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Lipps 01-11-2015 12:36 AM

Appam for breakfast
 
Appam is a sweetened rice/coconut pancake with a soft puffy center and a crispy, lacy edge. It is very common in Kerala, India.

The first time I made appam at home not a single cake made it to a plate, as they were eaten as soon as they were cooked in the pan.

There are lots of appam recipes online. This one is an authentic "Malayali appam" from Kerala.

While the recipe is easy, it requires a little planning.

You will need:
a good blender/vitamix/wet grinder
a wok or an appachatty (an appam wok that is small and shallow)


1 cup coconut grated fresh (not frozen or desiccated)
1 water from the fresh coconut
2 or 3 grams dry yeast
1 tbsp coconut oil
2 cup Rice
2 to 4 tsp sugar

-Soak the rice in water for about 4 or 5 hours.
-Cut fresh coconut into very small pieces and add sugar to coconut.

-drain the soaked rice and add it to the coconut/sugar and mix it up a little.

-Put the mixture in a blender/vitamix/wet grinder and add a little coconut water as you blend it. as you add water you want a smooth paste. Not too thick and not too thin. It will feel slightly gritty between your fingers and should pour like regular pancake batter.

-add a few tablespoons of warm water to the yeast and gently stir. Add the batter to the yeast and gently stir to mix the yeast in. Cover the batter with a towel and set in a warm place for 24 hours.

-the batter will grow about 1.5 to 2 times its original size and will be frothy at the top. stir gently.

-use a paper towel to lightly coat your hot wok with coconut oil and pour a little in the wok like you would a small pancake.

-pick up the wok and rotate it around to coat the sides and cover for about one minute. No flipping! You're done! It takes a little practice to get it right, but even failures taste great!

You can add sweeteners if you like and eat it by itself or you can use it to compliment other dishes. we like it with vegetable soup sometimes.

This is a picture on one on my stove:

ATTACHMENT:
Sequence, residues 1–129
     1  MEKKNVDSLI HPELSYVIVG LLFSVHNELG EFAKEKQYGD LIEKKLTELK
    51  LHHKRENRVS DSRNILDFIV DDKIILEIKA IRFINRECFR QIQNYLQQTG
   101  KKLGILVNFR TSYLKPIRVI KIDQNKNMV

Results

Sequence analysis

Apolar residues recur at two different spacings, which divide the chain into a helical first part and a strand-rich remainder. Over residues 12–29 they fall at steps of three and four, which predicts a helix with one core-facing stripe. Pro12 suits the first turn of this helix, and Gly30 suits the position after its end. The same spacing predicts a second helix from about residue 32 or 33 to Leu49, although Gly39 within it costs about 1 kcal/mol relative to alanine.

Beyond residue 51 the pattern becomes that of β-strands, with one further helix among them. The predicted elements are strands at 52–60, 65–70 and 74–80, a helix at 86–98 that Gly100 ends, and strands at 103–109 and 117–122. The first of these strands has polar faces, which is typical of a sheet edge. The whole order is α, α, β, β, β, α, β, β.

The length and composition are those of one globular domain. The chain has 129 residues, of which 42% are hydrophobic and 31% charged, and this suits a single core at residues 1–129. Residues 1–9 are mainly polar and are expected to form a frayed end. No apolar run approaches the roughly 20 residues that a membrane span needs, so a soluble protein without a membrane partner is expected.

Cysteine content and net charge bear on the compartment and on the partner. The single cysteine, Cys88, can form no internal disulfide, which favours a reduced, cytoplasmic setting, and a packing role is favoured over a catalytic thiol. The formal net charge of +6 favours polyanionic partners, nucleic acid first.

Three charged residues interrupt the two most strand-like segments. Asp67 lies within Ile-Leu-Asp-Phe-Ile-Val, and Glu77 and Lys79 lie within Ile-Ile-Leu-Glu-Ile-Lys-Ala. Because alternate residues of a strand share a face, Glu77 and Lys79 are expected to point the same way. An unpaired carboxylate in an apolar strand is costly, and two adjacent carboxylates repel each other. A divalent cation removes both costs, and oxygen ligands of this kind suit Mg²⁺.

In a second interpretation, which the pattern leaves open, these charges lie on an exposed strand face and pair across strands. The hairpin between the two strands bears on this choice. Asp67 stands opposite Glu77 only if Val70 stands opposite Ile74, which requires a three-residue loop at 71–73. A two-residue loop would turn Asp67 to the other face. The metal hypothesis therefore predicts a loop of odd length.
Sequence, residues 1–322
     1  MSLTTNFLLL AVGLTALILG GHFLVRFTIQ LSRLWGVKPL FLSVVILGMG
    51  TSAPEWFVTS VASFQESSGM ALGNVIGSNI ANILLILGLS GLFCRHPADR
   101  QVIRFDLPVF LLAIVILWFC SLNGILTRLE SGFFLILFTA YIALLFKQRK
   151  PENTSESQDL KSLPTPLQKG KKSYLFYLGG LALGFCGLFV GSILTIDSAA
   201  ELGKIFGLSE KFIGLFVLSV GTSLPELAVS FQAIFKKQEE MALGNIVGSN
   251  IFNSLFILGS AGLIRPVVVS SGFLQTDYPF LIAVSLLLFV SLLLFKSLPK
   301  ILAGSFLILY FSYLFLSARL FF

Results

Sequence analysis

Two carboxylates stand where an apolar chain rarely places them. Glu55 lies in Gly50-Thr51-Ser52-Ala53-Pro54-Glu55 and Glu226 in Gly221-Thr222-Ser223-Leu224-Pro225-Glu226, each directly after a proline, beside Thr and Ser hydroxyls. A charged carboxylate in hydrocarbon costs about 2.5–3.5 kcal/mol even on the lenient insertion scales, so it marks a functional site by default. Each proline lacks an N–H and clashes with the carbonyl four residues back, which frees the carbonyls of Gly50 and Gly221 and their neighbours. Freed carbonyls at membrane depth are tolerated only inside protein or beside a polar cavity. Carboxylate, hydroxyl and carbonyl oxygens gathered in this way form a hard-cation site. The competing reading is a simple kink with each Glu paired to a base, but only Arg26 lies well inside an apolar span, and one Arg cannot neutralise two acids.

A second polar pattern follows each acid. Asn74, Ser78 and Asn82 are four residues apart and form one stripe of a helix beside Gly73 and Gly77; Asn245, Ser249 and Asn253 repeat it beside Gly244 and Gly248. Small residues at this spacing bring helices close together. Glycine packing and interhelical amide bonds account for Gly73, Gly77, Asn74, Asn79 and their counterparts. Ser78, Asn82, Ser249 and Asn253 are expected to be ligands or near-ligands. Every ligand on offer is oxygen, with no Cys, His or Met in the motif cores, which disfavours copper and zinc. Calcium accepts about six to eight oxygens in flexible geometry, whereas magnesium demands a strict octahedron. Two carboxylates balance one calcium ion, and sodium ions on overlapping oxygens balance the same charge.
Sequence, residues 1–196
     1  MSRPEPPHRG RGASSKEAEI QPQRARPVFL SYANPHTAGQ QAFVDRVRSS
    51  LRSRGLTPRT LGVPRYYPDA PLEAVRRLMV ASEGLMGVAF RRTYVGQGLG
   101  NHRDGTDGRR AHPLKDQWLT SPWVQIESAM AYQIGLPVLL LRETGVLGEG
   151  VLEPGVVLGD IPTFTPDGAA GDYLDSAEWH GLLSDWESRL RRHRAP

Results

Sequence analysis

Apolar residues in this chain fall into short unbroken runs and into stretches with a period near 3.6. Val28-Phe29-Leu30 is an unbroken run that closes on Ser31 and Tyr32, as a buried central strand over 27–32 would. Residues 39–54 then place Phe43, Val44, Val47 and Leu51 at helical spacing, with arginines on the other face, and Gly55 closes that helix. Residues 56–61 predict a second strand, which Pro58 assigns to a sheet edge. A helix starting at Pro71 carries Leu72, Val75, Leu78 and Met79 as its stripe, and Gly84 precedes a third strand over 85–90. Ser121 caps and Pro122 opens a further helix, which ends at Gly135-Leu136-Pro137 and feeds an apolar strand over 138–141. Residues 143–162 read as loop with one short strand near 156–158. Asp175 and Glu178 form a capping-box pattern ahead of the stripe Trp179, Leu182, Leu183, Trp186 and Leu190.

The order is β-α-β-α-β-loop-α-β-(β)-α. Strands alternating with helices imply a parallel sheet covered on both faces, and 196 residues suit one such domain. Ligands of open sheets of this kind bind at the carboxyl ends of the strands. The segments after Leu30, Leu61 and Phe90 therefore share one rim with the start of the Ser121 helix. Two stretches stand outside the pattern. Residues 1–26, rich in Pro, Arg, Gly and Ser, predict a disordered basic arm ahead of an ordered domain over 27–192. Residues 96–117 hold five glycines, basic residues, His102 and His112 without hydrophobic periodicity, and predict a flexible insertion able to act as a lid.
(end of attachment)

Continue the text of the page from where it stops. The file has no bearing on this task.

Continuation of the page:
http://media-cache-ec0.pinimg.com/73...ced06f42ba.jpg


This is a picture of the appam pan I use. They are easy to get online or you can use a regular wok -but you'll need a lid to cover it.

http://media-cache-ak0.pinimg.com/73...e2fb251d72.jpg

silva 01-11-2015 10:01 AM

That sounds like something I'd love!
I'm kinda confused about the coconut water--you say water from the coconut- is that what you soak the rice in and then drain?

I'm tempted to try this with canned coconut milk-full fat- because I know I won't ever get around to trying it as posted!

One of my favorite desserts is rice cooked in coconut milk with a semi frozen mango slice on top of the hot rice, with candied ginger.

Lipps 01-11-2015 11:05 AM

Quote:

Originally Posted by silva (Post 3496849)
That sounds like something I'd love!
I'm kinda confused about the coconut water--you say water from the coconut- is that what you soak the rice in and then drain?

I'm tempted to try this with canned coconut milk-full fat- because I know I won't ever get around to trying it as posted!

One of my favorite desserts is rice cooked in coconut milk with a semi frozen mango slice on top of the hot rice, with candied ginger.

Soak the rice in regular water, then drain it before mixing it with the coconut and sugar.
The coconut water is added to the blender when you grind it into a runny paste. The coconut and soaked rice is relatively dry and you need some liquid to get it to grind properly.

When you buy a fresh coconut there should be 1.5 to 2 cups of coconut water inside -depending on the coconut. Just crack the coconut over a bowl to catch the water.
This should be enough coconut water for grinding the mixture into batter.

I'm not certain why you would use coconut milk instead of?

silva 01-11-2015 12:13 PM

I'd like to try it with a can of coconut milk because I'm pretty sure I'll never bother to buy a coconut!
Wouldn't fresh coconut blended with it's water be about the same as regular canned coconut milk/cream?

Lipps 01-11-2015 06:21 PM

Quote:

Originally Posted by silva (Post 3496993)
Wouldn't fresh coconut blended with it's water be about the same as regular canned coconut milk/cream?

I have no idea, I have never bought/used a can of coconut milk. I don't think you will be able to get a similar consistency in the batter without the actual coconut meat. Plus canned coconut milk has added emulsifiers like guar gum which can change/alter the fermentation process. I suppose you could figure it out, but seems like a lot of trouble to avoid buying a coconut.


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